The timescale is a lot more apparent and all the animals are a lot more frail and thinner. The animation shows as them not being able to walk as well. The animation shows the pigs with Mr. Jones face on each of them. This is very obvious for small children to show that there is no difference between them. The film finalises with a cliff-hanger, we don’t know if Napoleons reign is defeated or not. It is usually a great way to end a film but as this is based on a book, it isn’t very good for those who have read it because they know what is going to happen anyway.
But if you haven’t read the book, it is a good way to wonder about what happens next. In the real life film, the ending is much more dramatic. The animals are shown to have run away and lots of slow and sad music is played. The pigs are shown more and more to be socialising with humans. For example, Pilkington and Pilkington’s wife visit the house and they behave more and more alike. The pigs revert the name of the farm back to Manor Farm to emphasise that the farm has come full circle to the pigs becoming the equivalent of Farmer Jones.
Another way this is shown is by using a special effect of the camera by mixing the face of Napoleon and Pilkington together to show there is no longer anything different about them. The beginning of the film now makes much more sense as the ending is practically identical to the flashback at the beginning. This film actually shows that Napoleon has been defeated by representing this by the falling of a statue of him. Also, another way the director has represented this is by using triumphant music to show the animals were victorious.
The lighting now becomes a lot lighter and the music is a lot more peaceful. Finally, I am going to look at the small fine points that benefit to each film’s overview. In the animation, the director has used a very small character of a duckling for various purposes. In some cases, the duckling is used for comedy to keep the viewer entertained. For example, in Mr. Jones’ house when it is trying to climb up the stairs. It can also be used for linking purposes. Instead of the camera just jumping scenes, it uses this character to link them together.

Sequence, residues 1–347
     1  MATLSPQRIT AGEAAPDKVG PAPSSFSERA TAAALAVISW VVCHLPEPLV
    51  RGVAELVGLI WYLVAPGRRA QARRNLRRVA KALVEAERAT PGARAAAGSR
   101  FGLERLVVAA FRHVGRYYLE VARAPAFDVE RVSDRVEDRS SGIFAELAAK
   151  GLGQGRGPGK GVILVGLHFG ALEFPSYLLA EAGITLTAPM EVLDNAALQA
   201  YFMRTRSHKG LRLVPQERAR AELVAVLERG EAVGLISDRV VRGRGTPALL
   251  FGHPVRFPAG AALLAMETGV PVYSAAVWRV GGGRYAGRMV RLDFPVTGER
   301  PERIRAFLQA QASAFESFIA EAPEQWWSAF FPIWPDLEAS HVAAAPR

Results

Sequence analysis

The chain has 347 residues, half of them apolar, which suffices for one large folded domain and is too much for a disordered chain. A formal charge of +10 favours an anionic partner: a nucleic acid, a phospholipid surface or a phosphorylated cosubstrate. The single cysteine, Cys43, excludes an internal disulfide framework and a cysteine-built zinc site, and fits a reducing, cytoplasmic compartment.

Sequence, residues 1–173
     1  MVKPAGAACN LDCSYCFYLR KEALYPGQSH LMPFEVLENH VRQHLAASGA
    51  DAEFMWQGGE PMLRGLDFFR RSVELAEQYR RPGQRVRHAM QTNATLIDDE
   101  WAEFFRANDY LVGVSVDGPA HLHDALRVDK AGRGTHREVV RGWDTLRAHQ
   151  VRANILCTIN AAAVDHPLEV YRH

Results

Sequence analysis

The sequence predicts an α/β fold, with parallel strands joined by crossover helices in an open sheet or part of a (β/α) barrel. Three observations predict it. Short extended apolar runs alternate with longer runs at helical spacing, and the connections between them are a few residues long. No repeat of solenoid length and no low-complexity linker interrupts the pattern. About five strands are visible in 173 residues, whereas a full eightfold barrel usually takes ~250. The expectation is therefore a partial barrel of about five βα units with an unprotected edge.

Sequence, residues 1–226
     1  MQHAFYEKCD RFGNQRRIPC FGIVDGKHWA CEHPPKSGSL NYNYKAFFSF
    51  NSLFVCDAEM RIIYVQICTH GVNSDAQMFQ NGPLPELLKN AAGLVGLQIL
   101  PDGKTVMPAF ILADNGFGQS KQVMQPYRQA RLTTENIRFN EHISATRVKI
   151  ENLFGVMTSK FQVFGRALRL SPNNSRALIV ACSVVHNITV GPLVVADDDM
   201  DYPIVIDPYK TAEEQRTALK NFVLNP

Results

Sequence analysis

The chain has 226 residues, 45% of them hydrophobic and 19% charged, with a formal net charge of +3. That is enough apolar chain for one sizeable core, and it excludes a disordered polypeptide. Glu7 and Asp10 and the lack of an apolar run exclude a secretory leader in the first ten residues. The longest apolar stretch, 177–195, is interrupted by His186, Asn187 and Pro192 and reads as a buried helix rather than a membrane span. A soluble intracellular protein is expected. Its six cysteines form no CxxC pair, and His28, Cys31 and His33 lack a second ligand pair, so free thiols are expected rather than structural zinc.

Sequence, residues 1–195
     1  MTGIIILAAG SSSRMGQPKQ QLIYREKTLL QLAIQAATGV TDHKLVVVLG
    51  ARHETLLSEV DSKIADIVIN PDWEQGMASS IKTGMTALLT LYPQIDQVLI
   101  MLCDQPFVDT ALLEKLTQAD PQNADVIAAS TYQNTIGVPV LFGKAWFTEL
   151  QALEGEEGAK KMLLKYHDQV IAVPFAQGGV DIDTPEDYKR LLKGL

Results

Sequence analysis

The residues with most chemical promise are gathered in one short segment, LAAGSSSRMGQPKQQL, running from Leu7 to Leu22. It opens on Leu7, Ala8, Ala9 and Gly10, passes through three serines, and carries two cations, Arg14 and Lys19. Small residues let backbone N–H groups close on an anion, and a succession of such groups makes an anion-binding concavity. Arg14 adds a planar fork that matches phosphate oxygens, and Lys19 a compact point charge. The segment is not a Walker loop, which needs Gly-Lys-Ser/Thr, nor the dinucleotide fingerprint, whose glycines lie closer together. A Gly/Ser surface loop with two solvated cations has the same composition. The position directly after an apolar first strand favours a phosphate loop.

I think this benefits to the films reputation of being a children’s film but I cannot see adults enjoying this. In the real film, the director uses Squealer the pig as a way of convincing everyone to be on Napoleons side. This is not used in the animation. I prefer having Squealer in the film as it makes it more interesting. Squealer is also a very different colour to the other pigs so that he can easily stand out. Towards the end of the film his voice becomes more and more hypnotic and calming as he has to try even harder to persuade the animals to stay with Napoleon.
This version of the film also uses a broadcasting principle to inform the animals what is happening. It is shown in the barn in flickering black and white. It has been use as we can familiarise with it as bearing bad news and being of importance to us. The broadcasts are the equivalent of the animations narrator as it sums up what has been happening on the farm. I like the idea of as the film progresses, fewer and fewer animals are watching the broadcast, until finally there are no animals left.
The film that I have preferred is the real life version. I like the way the director adds more scenes to the film because if you have read the book, it is still interesting and it keeps you entertained. The animation skipped out to many important scenes, for example, the execution of the farmyard animals who had betrayed Napoleon. I preferred the realistic views of the film with the animals view points and expressions. I thought it was more comical as well. I liked the idea of the broadcasting as it was familiar to me and it modernised the book.
The real film also was a lot more explanatory towards adults and children as well. However I do think that the animation is still a lot more suited towards younger children, it is just not suitable for adults and teenagers. I also liked the music more in the real film because in the animation, I often thought there was a lot more music than speech and it just became boring after a while. The real film is a lot more modern and I can relate to it a lot more that then film produced in the 50’s. Overall, I think that the real film is a much better film in most ways.